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Quebec Premier Pauline Marois addresses the education summit Tuesday, February 26, 2013 in Montreal.Paul Chiasson/The Canadian Press

Despite a few difficult months for Pauline Marois's minority government and the Quebec Liberals being in the midst of a leadership race that has garnered little attention, the voting intentions of Quebeckers have barely moved since the September election. Is it likely that they will remain steady?

Probably not. With the handling of the summit on post-secondary education receiving mixed but somewhat positive reviews, and the Liberals poised to select their next leader in little more than two weeks, there is a strong possibility that Quebecers will break the political gridlock that currently exists in the province.

PQ leads (barely)

The Parti Québécois has retained the 32 per cent support they received in the last election, according to a weighted average of the latest (pre-summit) polls. The Liberals have dropped a single point, to 30 per cent, while François Legault's Coalition Avenir Québec (CAQ) has slid three points to 24 per cent. Québec Solidaire has increased their support by three points to 9 per cent, while 5 per cent of Quebeckers support either Option Nationale, the provincial Greens, or another party.

With so little movement having taken place, Ms. Marois would likely win another minority government if an election were held today, increasing her party's representation in the 125-seat National Assembly to 57 from 54. The Liberals, currently under the interim leadership of Jean-Marc Fournier, would win 48 seats, the CAQ would take 18, and Québec Solidaire would hold on to the two seats they currently occupy.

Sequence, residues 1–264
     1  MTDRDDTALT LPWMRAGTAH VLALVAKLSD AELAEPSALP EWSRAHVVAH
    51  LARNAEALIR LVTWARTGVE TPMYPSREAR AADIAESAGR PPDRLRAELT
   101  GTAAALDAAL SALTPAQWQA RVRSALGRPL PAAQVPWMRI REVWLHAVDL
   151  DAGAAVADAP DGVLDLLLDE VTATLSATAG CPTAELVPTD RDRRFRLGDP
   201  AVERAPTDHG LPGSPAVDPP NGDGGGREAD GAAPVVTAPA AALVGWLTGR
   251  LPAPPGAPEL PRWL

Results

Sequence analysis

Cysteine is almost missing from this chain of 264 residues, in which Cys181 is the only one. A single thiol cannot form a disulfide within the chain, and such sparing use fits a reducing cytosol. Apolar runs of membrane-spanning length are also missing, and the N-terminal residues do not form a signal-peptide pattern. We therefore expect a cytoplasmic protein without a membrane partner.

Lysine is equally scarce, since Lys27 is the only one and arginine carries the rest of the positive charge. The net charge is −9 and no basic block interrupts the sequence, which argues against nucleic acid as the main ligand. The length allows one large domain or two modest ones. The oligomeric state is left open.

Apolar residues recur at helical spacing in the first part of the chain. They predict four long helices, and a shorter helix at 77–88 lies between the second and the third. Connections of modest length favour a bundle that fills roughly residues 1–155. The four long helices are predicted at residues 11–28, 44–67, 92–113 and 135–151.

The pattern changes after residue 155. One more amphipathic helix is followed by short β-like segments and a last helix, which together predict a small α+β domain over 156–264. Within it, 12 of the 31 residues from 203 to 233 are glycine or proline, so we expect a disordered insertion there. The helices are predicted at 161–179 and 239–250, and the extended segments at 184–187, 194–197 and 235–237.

There are enough close ridings that a slim PQ majority is possible with current levels of support, due in large part to the PQ's edge among francophones (they have averaged 38 per cent in the last two polls, compared to 27 per cent for the CAQ and 22 per cent for the Liberals). A victory by the Liberals is also plausible, but if an election were held today the PQ would have better than 2-to-1 odds of winning it.

The virtual three-way split in voting intentions has held since the last vote. In the 10 polls that have been released since the election, the PQ has scored within two points of the September vote's result in eight of them. Only once has the PQ been pegged at a level of support greater than three points more than what they received at the ballot box.

Liberals down without Charest

Whereas the Parti Québécois has hardly budged, the loss of Jean Charest has nudged the Liberals down a notch. They have been equal to or below the 31 per cent of election night in every poll since the election, but seem to be on the upswing since the new year. While the party was averaging about 28 per cent support in the last months of 2012, they have managed 30 or 31 per cent in every poll since.

The CAQ has also taken a bit of a tumble since the election, and scored only 20 per cent support in the last poll by Léger Marketing for Le Devoir and the Gazette. The more recent CROP– La Presse poll put the third-place party back to 27 per cent, suggesting that Mr. Legault's supporters are a little more fluid than those of the more established Liberals and PQ.